Monday, March 5, 2012

Ashtanga Yoga Confluence: A Community of Practice

 Nothing like an earthquake to bring you back home after a weekend away. 'Wake up' said the 4.3 roller this morning at 5:30, epi-centered in El Cerrito (which is about 15 miles up the road) and bringing me out of my yoga-induced reverie. I flew back from the Ashtanga Yoga Confluence in San Diego last night after a truly lovely three-and-a-half days of practice and community. The Confluence, the first of its nature, brought together five of the first Western students of Sri. K. Pattabhi Jois, for both classes and in-depth discussions of Ashtanga Yoga's history and application. These luminary teachers— Eddie Stern, Tim Miller, Nancy Gilgoff, David Swenson and Richard Freeman — have been instrumental in both bringing Ashtanga Yoga to the States, and continue to foster its growth through dedicated teaching. They were met by several hundred dedicated practitioners, many teachers themselves, and the result was a beautiful reunion and celebration of the powerful practice of Ashtanga Yoga as originally taught by Jois.
I'd signed up for the Confluence when it was first announced, many months ago (and not long before it sold out; evidently there were hundreds of people on a wait list). This was prior to my trip to India, so by the time the San Diego trip rolled around last week, it was almost hard for me to think about spending more time with hundreds of yogis. But it turned out be perfectly timed.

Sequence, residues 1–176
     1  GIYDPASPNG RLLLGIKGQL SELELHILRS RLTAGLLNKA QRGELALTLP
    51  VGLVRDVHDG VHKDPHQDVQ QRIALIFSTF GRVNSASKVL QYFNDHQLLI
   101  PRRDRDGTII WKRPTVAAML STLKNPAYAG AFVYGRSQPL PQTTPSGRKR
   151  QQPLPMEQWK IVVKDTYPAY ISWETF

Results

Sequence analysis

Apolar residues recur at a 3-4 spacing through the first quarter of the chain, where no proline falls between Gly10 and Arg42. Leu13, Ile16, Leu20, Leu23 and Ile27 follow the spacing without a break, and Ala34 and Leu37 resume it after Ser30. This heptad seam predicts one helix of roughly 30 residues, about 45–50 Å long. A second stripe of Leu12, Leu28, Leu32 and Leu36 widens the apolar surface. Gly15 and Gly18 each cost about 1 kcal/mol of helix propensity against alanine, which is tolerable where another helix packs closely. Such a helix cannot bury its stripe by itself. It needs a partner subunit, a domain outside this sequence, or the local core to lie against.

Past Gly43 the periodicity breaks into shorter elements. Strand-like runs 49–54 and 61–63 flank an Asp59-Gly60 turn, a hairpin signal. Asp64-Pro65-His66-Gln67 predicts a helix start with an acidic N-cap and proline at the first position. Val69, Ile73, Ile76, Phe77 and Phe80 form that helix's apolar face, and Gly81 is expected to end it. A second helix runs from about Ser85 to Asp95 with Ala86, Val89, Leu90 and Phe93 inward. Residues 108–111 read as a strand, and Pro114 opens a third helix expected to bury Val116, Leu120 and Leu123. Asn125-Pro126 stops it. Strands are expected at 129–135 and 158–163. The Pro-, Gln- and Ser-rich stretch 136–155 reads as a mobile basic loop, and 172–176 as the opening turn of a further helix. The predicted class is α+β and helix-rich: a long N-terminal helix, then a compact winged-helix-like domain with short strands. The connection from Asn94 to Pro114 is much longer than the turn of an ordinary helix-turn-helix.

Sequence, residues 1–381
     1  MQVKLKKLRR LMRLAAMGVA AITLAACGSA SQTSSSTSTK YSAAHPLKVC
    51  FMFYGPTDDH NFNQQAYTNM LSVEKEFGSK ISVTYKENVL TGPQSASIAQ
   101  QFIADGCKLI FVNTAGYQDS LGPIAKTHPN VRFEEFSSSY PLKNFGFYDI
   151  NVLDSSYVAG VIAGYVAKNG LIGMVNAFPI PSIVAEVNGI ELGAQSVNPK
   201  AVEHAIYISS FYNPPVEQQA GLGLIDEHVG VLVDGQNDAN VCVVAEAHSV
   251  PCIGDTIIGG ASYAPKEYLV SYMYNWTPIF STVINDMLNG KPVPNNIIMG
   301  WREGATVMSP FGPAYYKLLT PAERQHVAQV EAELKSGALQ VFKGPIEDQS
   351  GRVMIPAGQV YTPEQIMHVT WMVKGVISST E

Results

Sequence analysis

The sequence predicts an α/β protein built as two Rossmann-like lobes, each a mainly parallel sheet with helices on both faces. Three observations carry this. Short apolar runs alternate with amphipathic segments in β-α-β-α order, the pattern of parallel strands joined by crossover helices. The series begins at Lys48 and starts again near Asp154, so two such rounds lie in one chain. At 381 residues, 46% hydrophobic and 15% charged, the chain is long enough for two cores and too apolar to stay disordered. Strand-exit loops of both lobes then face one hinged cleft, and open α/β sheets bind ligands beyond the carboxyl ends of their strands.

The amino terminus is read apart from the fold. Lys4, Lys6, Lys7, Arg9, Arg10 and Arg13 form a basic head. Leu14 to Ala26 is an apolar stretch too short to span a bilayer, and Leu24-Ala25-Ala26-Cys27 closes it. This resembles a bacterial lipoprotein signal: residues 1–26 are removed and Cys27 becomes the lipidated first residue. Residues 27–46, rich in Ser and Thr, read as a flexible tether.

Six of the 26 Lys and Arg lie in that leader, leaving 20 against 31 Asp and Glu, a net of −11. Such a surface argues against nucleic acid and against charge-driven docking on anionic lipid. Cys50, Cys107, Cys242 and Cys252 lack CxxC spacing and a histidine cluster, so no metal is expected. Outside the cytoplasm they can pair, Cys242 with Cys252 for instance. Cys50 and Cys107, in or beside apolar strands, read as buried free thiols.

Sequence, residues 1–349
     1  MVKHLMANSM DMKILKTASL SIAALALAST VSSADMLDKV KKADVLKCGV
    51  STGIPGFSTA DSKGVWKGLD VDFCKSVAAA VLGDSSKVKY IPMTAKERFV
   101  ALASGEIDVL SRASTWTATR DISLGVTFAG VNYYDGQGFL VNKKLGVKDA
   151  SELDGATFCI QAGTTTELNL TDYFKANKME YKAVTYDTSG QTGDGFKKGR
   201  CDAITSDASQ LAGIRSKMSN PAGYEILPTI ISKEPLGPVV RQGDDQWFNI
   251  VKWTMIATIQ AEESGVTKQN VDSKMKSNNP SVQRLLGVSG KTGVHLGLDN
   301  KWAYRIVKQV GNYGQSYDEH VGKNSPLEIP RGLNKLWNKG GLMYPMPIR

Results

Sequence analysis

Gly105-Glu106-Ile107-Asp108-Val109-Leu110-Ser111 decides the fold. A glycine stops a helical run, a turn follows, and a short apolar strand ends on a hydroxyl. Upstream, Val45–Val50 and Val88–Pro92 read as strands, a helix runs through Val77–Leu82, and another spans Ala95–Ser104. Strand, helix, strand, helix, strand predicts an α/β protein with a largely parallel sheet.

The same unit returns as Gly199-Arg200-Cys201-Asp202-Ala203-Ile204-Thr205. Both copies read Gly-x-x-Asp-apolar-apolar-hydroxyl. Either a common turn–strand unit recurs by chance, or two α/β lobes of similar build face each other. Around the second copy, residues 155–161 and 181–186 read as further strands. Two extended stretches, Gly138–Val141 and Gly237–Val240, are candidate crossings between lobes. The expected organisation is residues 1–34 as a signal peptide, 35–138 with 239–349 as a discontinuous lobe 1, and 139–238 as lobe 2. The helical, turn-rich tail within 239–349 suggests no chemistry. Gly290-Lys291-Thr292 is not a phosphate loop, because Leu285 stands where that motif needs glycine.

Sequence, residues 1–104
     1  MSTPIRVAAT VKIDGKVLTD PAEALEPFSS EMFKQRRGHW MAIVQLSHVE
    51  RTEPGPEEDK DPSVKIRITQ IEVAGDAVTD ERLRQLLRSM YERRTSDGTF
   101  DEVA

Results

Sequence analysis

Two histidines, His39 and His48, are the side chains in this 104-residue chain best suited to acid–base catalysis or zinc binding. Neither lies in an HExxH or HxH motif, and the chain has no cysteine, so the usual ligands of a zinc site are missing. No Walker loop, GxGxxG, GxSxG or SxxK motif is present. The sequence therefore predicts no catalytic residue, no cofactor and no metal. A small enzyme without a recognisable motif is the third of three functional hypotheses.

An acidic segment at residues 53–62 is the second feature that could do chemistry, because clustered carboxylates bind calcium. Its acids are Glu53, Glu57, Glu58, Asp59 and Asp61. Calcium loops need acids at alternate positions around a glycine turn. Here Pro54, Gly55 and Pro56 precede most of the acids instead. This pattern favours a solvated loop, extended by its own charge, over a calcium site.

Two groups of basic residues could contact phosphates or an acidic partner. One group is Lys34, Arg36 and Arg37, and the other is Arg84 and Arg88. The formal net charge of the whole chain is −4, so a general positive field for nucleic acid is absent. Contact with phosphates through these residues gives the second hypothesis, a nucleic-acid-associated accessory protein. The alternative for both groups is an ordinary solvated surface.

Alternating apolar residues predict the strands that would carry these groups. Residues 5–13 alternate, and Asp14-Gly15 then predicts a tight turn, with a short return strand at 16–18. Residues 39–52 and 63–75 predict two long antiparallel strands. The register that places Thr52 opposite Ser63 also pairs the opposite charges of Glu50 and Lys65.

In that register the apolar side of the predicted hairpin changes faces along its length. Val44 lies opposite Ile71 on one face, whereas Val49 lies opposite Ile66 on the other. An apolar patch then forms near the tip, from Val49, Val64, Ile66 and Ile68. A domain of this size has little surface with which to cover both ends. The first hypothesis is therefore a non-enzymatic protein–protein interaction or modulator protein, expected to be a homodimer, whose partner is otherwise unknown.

The trick of vacation — and travel of a nature that places you in India for a couple of months of specific study — is softening the return.  How to integrate the information gathered on the subcontinent and apply it to one's everyday life? My past month has been filled with that question. Who better to turn to than this panel of teachers who made it to India at a time when it wasn't so easy, then figured out how to keep their practices going and build their Western lives upon its foundations, while staying true to Jois's teachings for more than 30 years?
The panel discussions were as priceless as was the opportunity to practice Mysore in a room with these teachers offering instruction at the same time. From stories of practicing with Guruji in the old shala with only two other students, to interpreting the eight limbs of yoga, to tailoring a daily traditional practice to one's unique circumstances, the panel discussions were full of these teacher's wisdom, humility, practicality and knowledge born of experience. No one claimed to be 'right' or enlightened (Swenson opined that he could say 'practice turned the lights up'), nor did they cast judgement on how people may or may not be teaching the practice today.
Jois clearly defined a specific practice based on Patanjali's very specific yoga sutras. These senior teachers offered very clear, encouraging and inspiring examples of the power of being committed to, and in integrity with, this specific lineage of yoga practice — while staying very human. Nancy reiterated how Jois clearly specified that this was a 6-day a week practice...that wasn't saying you couldn't shift those six days, and adjust the length and time of practice as needed to maintain that for your life, which goes a long way to sustaining practice over the long run. You know, do YOUR practice.
The added bonus of this Confluence, of course, was the dynamic community of Ashtangis who showed up to participate. Between classes and discussions, I so enjoyed reconnecting with people from all over the country who I've practiced yoga with over the years. The lovely setting of Catamaran Resort, which is located between Mission Bay and the Pacific Ocean, allowed beach walks between it all. Yes.

No comments: